USF1 has lodged its entry fee with the FIA for the 2010 F1 World Championship, it has been confirmed - as the prospects for a return of the US Grand Prix to the calendar in the not-too distant future seemed to take a step forward.

There has been considerable scepticism about the likelihood of North Carolina-based USF1 actually making it to the grid for the curtain-raising Bahrain Grand Prix next March, but the news that the Peter Windsor and Ken Anderson-led outfit has paid a non-refundable sum of $440,000 to the sport's governing body to guarantee its place in the field should at least dampen some of the negative speculation.

That, new FIA Senate President Nick Craw affirms, is tantamount to a solid assurance that the Charlotte operation will be there in Sakhir in four months' time - and having taken a recent second tour of the USF1 headquarters in the heart of NASCAR country, the American told TV channel SPEED that in his opinion, the team will not be merely making up the numbers either.

"In the old days we never used to count an entry as being real until the cheque arrived and it cleared, and of course entry fees were not refundable," he explained. "If you want proof as to whether USF1 are going to be there or not, they sent their entry fee in about ten days ago, and the number is close to $440,000.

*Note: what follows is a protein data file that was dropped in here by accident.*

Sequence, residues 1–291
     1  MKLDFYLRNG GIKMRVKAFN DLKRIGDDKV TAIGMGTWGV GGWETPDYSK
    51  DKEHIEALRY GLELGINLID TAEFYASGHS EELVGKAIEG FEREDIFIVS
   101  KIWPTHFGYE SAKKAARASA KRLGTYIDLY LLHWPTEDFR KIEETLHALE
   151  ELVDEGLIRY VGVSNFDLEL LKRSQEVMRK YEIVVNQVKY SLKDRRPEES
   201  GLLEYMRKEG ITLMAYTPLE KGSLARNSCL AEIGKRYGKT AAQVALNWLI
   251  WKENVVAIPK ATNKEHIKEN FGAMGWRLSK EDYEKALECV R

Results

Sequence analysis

"I have taken a complete tour [of the team's factory] on two occasions and was very impressed. They're going to be there and they're going to make us proud."

Meanwhile, Craw similarly expressed his optimism and confidence that a resolution will be found that enables F1 to return to race in America after the US Grand Prix fell off the schedule in the wake of the 2007 edition - and with most recent host the Indianapolis Motor Speedway all-but ruled out of the equation as a future venue, it looks most likely, the two-time IMSA National Champion contended, that the event will be held around a temporary street circuit. The top flight's influential ringmaster Bernie Ecclestone has made little secret of his desire to see F1 cars tearing around the streets of New York one day [see separate story - click here].

"I think everybody from the commercial rights-holders to the teams and sponsors see the absence of a US Grand Prix as being a huge liability," acknowledged Craw. "There is only one circuit in the United States that has a licence to organise such a race - which is Indianapolis - and there is probably no deal coming in the near future with them.

"If you've seen some of the Taj Mahals being built for the F1 circuits these days, I don't see any budget for that in the United States, so I think it is more likely that we will see a temporary street circuit in or around a major metropolitan area - and there are two or three right now that are looking at that possibility. I am reasonably optimistic that could happen in the near future."